As she walked past me I thought “This is the kind of person I admire.  This is the kind of style I want to be able to express in my space.  Not something about the latest trend or something to show off your amazing cleavage, but something that makes you stop, dead in your tracks, and think ‘now there goes someone who gets it.’ “

A few minutes later I entered an aisle and came upon a large booth, hung with garments in deep, rich hues and textures.  At the center of the racks stood a simple dress form wearing almost exactly the same skirt as the lovely woman I had just passed.  I approached it with tentative excitement.   It was made in a black stretch wool gabardine that moved like water over my hand.  I always buy with my fingers as much as I do with my eyes, so naturally I fell in love.  I browsed the racks, taking a mental note of this item and that, all the while remembering that I really hadn’t planned to pick up another line.  I took a card, nodded my thanks to one of the women there and continued to my next appointment.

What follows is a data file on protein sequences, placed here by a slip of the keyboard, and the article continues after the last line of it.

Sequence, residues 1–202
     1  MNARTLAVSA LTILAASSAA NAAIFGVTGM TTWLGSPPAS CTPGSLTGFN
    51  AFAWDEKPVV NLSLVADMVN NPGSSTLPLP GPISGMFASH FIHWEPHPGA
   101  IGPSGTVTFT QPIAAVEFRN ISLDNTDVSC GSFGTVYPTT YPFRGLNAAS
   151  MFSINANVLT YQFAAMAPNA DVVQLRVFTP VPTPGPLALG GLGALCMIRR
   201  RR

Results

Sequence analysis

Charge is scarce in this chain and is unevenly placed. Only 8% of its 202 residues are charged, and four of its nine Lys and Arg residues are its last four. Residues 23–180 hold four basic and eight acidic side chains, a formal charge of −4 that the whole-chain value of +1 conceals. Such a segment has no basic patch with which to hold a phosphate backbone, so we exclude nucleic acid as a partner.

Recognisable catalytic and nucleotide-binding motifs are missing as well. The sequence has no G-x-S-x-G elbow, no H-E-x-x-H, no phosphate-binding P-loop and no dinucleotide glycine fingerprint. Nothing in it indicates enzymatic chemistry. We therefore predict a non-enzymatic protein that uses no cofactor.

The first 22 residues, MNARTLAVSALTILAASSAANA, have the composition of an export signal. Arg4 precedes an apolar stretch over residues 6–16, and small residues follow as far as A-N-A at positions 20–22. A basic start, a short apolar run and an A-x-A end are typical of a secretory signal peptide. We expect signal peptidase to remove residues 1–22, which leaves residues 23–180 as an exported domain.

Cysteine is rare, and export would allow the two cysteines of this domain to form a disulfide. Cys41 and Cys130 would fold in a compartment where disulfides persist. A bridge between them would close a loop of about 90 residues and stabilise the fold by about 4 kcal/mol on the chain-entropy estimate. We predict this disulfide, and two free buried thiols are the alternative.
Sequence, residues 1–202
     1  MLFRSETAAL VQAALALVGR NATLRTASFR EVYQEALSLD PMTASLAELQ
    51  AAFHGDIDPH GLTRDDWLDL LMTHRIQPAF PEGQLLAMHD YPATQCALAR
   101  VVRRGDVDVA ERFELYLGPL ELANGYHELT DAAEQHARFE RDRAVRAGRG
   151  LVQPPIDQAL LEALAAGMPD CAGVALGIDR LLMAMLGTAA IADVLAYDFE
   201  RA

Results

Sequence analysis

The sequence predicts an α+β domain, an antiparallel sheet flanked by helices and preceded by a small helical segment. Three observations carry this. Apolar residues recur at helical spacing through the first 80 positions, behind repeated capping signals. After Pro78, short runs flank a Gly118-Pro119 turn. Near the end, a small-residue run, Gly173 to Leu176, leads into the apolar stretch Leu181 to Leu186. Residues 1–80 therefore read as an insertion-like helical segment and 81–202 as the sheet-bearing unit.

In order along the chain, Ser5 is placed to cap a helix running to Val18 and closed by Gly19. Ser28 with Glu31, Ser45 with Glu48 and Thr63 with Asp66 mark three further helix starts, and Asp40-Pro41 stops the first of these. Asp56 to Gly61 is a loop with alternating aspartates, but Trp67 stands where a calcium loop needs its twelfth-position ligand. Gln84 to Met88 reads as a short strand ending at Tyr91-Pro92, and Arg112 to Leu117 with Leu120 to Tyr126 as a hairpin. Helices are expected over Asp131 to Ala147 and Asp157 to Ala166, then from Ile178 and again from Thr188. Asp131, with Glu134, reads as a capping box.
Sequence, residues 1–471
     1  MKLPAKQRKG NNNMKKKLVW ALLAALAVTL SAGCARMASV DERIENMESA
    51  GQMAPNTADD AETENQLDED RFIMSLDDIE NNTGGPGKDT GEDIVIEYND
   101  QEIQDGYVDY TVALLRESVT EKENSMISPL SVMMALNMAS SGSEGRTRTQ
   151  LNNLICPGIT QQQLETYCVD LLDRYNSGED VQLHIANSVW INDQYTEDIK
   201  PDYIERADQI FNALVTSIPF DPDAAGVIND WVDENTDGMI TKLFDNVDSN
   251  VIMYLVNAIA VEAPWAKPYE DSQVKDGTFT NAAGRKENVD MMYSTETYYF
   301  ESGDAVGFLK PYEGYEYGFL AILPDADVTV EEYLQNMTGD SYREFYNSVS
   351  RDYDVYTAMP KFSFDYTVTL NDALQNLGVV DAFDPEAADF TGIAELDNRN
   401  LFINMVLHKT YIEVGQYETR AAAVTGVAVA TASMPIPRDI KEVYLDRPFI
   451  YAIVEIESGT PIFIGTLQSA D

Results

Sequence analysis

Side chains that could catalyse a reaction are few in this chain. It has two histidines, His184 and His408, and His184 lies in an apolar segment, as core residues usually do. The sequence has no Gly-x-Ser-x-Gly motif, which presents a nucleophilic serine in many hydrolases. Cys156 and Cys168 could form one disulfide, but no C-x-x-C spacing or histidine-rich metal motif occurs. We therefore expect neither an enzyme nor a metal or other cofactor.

I could not keep the line out of my head for the rest of the day.

The next morning I made a beeline back to the booth, and introduced myself to the line’s creator, Manuelle Guibal.  Between my rather poor French and her far better English we managed to strike up a conversation.

guibal herself

The designer herself